Thought your wake-up call was early? As part of our new Sleep Diaries series, we’re probing interesting people on their sleep routines. Here, pilot Alex, fills us in on his early starts and unusual sleep hacks (hairdryer, anyone?) …
Painfully-early starts and fist-sized meals might not sound appetising, but for pilots, it’s just part of the day-job…
3am As soon as my alarm goes off, I’ll knock back some water – I always keep a glass by my bed. As a pilot, I fly short-haul which is similar to shift work – I’ll work ‘earlies’ or ‘lates’. If I’m on a four or five-day continuous trip, that usually gives me a day off in the middle to rest and explore the city I’m in. Each day varies depending on where I am in the schedule – some starts are much earlier than others…
3.05am I always jump in the shower to wake myself up properly. If I’m ‘down-route’, I’ll stay in a hotel the night before (I live on the Isle of Wight and I’m based out of London). If I’m flying at a more reasonable time and slept at home, I’ll always get public transport to work – I’ve experienced that ‘head dropping’ feeling while driving before and want to avoid it. There aren’t any restrictive rules on living close to the airport, if you have eight hours sleep every night (it’s a legal requirement before flying).
3.15am Next, I get dressed and have a coffee immediately, before grabbing a bite to eat. I probably drink around six cups of coffee a day and stop drinking caffeine at around 6pm (I know it should be earlier!).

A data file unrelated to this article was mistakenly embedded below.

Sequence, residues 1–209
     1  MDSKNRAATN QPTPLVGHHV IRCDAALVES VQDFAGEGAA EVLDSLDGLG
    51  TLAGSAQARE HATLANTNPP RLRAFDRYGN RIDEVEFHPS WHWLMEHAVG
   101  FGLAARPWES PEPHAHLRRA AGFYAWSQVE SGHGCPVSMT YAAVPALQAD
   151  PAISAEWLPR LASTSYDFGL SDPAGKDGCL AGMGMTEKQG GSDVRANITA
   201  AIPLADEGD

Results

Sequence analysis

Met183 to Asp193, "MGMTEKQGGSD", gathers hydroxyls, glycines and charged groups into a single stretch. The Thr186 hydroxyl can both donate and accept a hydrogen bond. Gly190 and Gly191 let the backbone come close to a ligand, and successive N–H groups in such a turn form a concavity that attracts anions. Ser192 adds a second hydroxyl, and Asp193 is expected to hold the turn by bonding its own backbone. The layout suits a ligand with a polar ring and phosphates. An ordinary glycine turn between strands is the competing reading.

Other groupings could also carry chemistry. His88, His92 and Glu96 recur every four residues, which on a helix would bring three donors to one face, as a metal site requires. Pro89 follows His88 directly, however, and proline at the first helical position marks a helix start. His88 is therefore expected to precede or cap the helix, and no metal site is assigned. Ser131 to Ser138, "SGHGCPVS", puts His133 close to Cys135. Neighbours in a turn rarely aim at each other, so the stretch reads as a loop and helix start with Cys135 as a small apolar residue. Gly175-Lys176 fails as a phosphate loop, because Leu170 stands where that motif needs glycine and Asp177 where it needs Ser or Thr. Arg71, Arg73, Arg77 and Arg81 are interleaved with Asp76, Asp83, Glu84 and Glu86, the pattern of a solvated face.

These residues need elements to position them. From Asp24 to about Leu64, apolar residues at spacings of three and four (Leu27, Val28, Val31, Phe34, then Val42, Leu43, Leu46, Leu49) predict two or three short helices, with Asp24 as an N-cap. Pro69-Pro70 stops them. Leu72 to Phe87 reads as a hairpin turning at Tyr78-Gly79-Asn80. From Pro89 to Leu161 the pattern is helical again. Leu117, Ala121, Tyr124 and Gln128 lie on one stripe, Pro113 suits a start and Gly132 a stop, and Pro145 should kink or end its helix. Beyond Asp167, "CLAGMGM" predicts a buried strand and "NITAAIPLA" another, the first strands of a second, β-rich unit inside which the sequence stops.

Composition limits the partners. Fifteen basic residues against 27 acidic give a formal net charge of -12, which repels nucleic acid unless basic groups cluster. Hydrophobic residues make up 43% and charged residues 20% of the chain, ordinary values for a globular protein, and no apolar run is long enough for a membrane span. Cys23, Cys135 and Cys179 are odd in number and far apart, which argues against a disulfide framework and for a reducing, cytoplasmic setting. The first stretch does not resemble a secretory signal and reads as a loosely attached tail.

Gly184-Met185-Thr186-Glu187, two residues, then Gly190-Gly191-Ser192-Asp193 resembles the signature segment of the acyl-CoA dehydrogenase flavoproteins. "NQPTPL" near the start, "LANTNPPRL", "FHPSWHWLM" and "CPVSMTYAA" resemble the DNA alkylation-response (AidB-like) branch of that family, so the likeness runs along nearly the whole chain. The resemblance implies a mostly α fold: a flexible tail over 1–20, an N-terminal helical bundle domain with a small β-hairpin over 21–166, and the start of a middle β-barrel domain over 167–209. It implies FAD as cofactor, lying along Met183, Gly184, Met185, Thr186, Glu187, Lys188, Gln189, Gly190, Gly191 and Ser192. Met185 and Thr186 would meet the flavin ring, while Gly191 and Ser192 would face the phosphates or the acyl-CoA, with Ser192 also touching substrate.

3.30am If we’re abroad and due to fly, I’ll meet the rest of the crew in the hotel lobby and we all travel to the airport together.
4am At the airport, I’ll do around an hour and a half of pre-flight checks, which involves looking at the weather, the aircraft, airport and talking to the crew – basically anything that could affect the flight. We’ll walk to the aircraft 55 minutes before departure, and complete walk-round inspections while passengers board.
5:30am The shortest flight I make is 40 minutes and the longest is five hours. If we’re flying over a dinner period, we’re always given food. We don’t get lunch breaks or tea breaks – instead, we’re brought food while operating the plane. The portions are very small – the size of your fist – since small portions help avoid that ‘food coma’ feeling. People often ask if both pilots eat different meals to avoid simultaneously suffering from food poisoning. That used to be the case, but the food at our airline was proven, consistently, to be of such a high standard we don’t have to do that anymore.
6.15am Cabin crew report to flight deck regularly by phone or in person, and we’re usually offered tea, coffee and light snacks – things like biscuits or nuts. A sensible amount of caffeine and light snacking is usually enough to keep hunger at bay, and levels of alertness up. All crew are different though and everyone – within moderation! – can snack as they feel best.
9am Touchdown time obviously depends on where we’re flying to, but once we’ve landed, taxied in, shut the aircraft down, debriefed and handed the aircraft over to the next crew, we make our way to our transport.
9.45am I’ll travel to whichever hotel we’re staying in with the crew. Normally at this point we all check in with our other halves, sort out admin or scroll through social media. It’s a good wind-down time to switch off from work and disengage your brain a little.